Linux Process Hunting

Now that we have detected there is a malicious process running on one of our hosts, let's hop onto the box and start looking through the processes.

Detecting Evil

Let's start looking at all the ways we can detect this and find out more information, without having to use any networking commands.

In this scenario, let's say our network analysts reported that weird traffic makes them believe the system has been compromised in the last week.

Running the "history" command and seeing what pops up is a solid first move once you get on any box. However, because the attacker cleared out their history, we shouldn't see anything there, which should be an alert to us itself!

Using the find command we can check for files made in the last week with * find / -mtime -o -ctime -7. To get even more specific, like if we thought we were recently compromised, we can make that 7 a 1. You should see a new file or two. Check the user of that file with ls -l. If that user seems suspicious, let's check out their most recent commands run.

su over to the new user you discovered and check their history, maybe the attacker forgot to hide that as well.

Now that we know there is definitely a new user added and what looks like crontabs, let's start by looking for common persistence mechanisms from the command line. First, we can check cronjobs using the crontab command, or crontab -u to check other users.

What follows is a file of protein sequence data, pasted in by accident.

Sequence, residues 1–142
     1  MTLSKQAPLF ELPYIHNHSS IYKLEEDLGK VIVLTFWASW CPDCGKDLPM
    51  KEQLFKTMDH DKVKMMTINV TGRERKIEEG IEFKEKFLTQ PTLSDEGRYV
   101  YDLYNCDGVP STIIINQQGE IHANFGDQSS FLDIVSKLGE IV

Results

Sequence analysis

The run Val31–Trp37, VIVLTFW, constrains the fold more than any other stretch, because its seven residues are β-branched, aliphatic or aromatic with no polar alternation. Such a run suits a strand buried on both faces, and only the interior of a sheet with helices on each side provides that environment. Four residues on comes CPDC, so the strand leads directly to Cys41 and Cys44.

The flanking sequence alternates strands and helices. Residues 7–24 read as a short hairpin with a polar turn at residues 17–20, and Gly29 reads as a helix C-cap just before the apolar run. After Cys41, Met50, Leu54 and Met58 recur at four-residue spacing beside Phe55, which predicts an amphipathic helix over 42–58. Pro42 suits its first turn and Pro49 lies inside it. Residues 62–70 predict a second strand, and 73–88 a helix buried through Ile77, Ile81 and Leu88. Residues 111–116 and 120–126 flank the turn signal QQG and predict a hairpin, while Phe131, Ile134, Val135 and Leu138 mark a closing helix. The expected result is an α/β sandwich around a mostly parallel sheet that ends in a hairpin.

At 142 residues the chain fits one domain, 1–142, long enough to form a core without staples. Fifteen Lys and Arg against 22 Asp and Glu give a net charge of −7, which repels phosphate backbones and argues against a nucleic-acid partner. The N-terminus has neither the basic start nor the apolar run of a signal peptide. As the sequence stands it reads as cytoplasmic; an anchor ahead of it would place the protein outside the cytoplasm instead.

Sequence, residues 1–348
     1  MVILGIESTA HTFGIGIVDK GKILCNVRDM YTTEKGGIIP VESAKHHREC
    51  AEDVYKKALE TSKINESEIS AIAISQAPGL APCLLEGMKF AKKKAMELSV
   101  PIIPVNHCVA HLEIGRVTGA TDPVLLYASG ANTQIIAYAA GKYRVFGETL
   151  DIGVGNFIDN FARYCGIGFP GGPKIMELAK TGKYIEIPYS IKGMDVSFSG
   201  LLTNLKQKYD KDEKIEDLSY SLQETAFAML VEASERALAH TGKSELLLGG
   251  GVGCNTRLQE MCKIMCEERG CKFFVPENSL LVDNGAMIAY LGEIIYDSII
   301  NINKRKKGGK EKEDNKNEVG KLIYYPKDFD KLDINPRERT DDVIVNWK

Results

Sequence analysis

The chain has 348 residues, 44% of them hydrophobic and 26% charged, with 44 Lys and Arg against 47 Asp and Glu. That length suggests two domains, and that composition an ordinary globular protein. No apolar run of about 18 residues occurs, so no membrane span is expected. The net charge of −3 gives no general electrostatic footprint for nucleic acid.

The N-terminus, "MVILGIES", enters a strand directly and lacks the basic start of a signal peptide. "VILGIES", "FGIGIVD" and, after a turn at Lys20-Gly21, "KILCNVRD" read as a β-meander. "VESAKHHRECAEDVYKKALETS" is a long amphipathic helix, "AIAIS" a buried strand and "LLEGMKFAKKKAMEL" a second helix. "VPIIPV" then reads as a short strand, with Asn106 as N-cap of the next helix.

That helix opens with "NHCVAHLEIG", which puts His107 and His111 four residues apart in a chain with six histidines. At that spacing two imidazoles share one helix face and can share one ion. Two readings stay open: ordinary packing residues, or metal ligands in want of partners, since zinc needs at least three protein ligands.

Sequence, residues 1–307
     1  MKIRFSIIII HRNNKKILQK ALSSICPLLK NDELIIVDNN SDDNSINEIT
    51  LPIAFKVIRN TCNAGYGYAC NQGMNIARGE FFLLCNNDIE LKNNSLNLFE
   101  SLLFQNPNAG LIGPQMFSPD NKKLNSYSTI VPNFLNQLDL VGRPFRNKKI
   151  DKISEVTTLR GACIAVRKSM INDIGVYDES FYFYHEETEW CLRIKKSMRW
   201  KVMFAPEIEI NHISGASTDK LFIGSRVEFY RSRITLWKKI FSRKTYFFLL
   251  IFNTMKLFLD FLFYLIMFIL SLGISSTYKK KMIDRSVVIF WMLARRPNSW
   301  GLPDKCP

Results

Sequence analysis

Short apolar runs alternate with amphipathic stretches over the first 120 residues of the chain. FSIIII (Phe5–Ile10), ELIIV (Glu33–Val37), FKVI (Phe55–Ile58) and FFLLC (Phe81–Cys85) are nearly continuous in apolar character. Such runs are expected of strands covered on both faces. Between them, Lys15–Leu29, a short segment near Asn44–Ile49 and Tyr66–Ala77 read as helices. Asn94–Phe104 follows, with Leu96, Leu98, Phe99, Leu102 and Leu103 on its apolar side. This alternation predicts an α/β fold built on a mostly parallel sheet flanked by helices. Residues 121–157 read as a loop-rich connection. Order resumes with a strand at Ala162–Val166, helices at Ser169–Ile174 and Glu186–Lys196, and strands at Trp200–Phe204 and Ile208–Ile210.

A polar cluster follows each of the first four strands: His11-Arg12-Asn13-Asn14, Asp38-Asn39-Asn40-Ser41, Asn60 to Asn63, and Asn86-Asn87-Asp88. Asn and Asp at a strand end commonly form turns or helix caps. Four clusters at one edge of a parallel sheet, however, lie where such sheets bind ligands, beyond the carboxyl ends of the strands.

We can also look for SETUID or SETGID binaries with find / -perm -4000 -user root -type f and find / -perm -6000 -type f. Modify those commands as you see fit.

Another great tool to use is going through the logs stored in /var/log. In the real world, many organizations collect all of these logs from their computers and store them in a centralized location where analysts can look through them to find evil, or after evil is detected, determine what else was done. With that said, just because an organization is collecting does not mean they are detecting, just like with packet captures.

There are a ton of different logs in there, but the most useful is named "syslog". You can look through that and find information about what has happened, especially if you search through it to find where the attacker began running commands.

Now that we've discovered that there is definitely malware on the box, in the real world an analyst would log onto the potentially compromised host and begin doing incident response. For us though, let's wrap this up.

For other commands useful to look for malicious processes check out this cheatsheet

Linux Rootkit Hunting

To go one step further, if you fear that you might have a rootkit, installing and running the rkhunter or chrootkit tools is an excellent idea. These tools attempt to look for signatures of known rootkits or discrepancies in the output of commands which might indicate the presence of something modifying the operating system.... with that said, many rootkits have specific anti-detection defenses built-in, so it is a cat and mouse game.


  1. Write up a minimal report on the malicious actions taken by the attacker, as well as information about the backdoor. Include information from the command outputs to provide detail.

Congratulations on your first successful hunt! If you are looking to create a nice addition to your professional portfolio, I recommend combining your last two assignments, making it look pretty, and posting it somewhere. People will be very interested in it.